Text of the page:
January 4 2013
Scott Stallings struggles with the wind and rain in Hawaii. (Petersen/Getty Images)
By Ann Miller, PGATOUR.COM Correspondent
KAPALUA, Hawaii -- High winds, rainy weather and squalls coming off the mountains at Kapalua have turned Friday's first round of the Hyundai Tournament of Champions into an early grind for the 30 players in the 2013 season-opening event.
Play was suspended twice in the first 2-1/2 hours of the round. Balls were rolling off the putting surface on the second hole of the Plantation Course, forcing tournament officials to halt play.
"We're doing the best we can," PGA TOUR executive vice president Andy Pazder told the Golf Channel. "We're trying to soldier through it and do the best we can.
"It's tough for everybody."
There were nearly as many double bogeys (nine) as there was birdies (12) in the field when play was suspended.
"It’s basically unplayable out there …," TOUR official Jon Brendle told the Golf Channel. "The second green is right on a ridge, like 10 and 13, and the wind just shears over there. The ball would not come to rest. It was moving anywhere from 5 to 15 feet.”
U.S. Open champion Webb Simpson said his umbrella had broken.
"I feel like I'm in a hurricane," said Simpson.
Even so, he drained two 20-foot putts, birdied three of the first six and did not miss a green in regulation for his first seven holes. At 3-under par, he and rookie Jonas Blixt (1 under) were the only golfers in red numbers when officials suspended play at 12:45 p.m. local time.
Breezes were gusting up to 35 mph. Rain, often blowing sideways, kept coming and going as dark clouds covered the island of Molokai just across the channel, then were replaced by blue skies.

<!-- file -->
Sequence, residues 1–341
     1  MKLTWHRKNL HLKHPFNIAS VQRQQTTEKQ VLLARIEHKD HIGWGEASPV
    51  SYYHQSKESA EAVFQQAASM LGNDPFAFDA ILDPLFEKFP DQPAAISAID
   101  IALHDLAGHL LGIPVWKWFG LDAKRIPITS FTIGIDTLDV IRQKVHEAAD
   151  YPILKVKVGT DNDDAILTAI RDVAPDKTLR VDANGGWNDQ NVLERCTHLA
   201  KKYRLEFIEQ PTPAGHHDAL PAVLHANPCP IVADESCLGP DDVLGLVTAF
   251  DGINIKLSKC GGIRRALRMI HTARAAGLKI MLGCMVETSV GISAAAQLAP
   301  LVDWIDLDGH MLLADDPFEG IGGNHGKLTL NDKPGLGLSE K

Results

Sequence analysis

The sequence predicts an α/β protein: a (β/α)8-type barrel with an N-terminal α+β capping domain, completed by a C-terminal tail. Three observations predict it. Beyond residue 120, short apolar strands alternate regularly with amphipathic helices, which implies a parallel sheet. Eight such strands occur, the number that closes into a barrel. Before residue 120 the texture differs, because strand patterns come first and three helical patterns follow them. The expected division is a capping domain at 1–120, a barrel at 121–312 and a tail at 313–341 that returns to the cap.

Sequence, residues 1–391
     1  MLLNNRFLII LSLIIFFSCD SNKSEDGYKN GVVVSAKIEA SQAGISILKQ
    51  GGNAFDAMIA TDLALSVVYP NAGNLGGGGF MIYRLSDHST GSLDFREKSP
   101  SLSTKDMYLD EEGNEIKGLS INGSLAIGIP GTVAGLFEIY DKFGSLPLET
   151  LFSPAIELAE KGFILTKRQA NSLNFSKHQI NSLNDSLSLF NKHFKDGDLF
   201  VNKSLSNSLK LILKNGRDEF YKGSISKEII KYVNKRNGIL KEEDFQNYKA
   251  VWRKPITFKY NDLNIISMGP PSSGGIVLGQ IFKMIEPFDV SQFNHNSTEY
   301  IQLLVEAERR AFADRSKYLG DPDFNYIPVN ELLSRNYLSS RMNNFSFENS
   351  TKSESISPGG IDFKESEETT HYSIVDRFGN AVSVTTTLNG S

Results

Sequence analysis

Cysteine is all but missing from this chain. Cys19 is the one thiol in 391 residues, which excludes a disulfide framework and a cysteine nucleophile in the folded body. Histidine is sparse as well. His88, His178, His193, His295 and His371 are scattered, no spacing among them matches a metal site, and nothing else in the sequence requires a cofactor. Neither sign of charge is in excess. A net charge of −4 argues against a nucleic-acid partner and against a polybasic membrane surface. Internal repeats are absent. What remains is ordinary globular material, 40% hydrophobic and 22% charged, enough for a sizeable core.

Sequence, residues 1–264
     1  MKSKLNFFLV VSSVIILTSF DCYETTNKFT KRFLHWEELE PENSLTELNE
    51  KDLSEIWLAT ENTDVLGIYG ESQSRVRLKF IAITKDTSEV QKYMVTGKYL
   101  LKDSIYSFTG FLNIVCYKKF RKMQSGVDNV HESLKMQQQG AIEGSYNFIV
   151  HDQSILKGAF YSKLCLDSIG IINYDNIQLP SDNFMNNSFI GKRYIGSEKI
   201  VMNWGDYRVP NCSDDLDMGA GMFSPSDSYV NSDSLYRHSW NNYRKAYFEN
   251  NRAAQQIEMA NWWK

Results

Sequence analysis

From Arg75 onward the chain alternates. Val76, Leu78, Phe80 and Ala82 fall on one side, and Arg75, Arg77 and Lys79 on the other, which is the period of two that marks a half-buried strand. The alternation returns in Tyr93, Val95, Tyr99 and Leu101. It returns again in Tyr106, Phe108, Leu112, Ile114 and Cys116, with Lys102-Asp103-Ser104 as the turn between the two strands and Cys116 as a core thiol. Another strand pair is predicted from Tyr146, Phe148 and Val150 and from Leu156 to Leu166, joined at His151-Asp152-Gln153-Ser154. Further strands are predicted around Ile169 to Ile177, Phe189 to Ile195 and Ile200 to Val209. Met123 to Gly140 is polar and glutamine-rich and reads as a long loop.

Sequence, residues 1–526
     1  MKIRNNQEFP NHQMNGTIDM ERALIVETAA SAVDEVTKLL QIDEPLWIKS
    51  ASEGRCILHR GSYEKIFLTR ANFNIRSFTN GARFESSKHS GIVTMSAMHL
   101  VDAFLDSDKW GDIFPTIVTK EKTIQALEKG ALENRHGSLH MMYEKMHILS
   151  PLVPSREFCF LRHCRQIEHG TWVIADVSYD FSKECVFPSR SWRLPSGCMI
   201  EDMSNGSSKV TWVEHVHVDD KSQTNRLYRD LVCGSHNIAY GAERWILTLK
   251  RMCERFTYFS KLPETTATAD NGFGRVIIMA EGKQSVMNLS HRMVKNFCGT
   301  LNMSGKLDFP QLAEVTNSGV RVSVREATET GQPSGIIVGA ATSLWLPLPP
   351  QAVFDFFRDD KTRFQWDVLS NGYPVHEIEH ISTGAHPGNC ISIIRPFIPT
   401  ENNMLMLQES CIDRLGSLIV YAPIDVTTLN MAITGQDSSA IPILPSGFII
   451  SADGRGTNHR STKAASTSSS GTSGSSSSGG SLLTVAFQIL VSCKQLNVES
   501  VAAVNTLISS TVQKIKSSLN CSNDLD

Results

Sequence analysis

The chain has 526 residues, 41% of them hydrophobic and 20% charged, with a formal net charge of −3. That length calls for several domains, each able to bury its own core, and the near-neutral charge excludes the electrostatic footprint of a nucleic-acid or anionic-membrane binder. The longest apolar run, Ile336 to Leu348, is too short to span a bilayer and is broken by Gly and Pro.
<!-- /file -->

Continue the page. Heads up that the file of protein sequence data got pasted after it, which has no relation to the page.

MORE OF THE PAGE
NBC and Golf Channel analyst Mark Rolfing, who lives at Kapalua, called it the worst day of golf he had seen in 22 years.
The final five groups had not finished the first hole when play was suspended. Rickie Fowler and Jason Dufner had the misfortune of teeing off first and it was a wild ride.
Dufner made the season’s first birdie, sinking a four-footer on the first hole, but double-bogeyed the diabolical second. His tee shot on the 166-yard hole came up 70 feet short and his seven-foot par putt blew five feet by.
Dufner got back under par with birdies at Nos. 5 and 6, but took another double on the next par-3 (No. 8) where his ball imbedded in a bunker.
Fowler bogeyed Nos. 2 and 3 and birdied No. 4. Then he matched Dufner’s double-bogey at the eighth, hitting his tee shot short in the gully, to drop to 3-over.
FedExCup champion Brandt Snedeker and Masters champ Bubba Watson were among the fortunate few who had late tee times and had yet to tee off.
"Right now, it's goofy golf. It's not real golf," Watson said.
Snedeker, practicing on the range, hit an 8-iron about 50 yards.
"It's unbelievable," he said.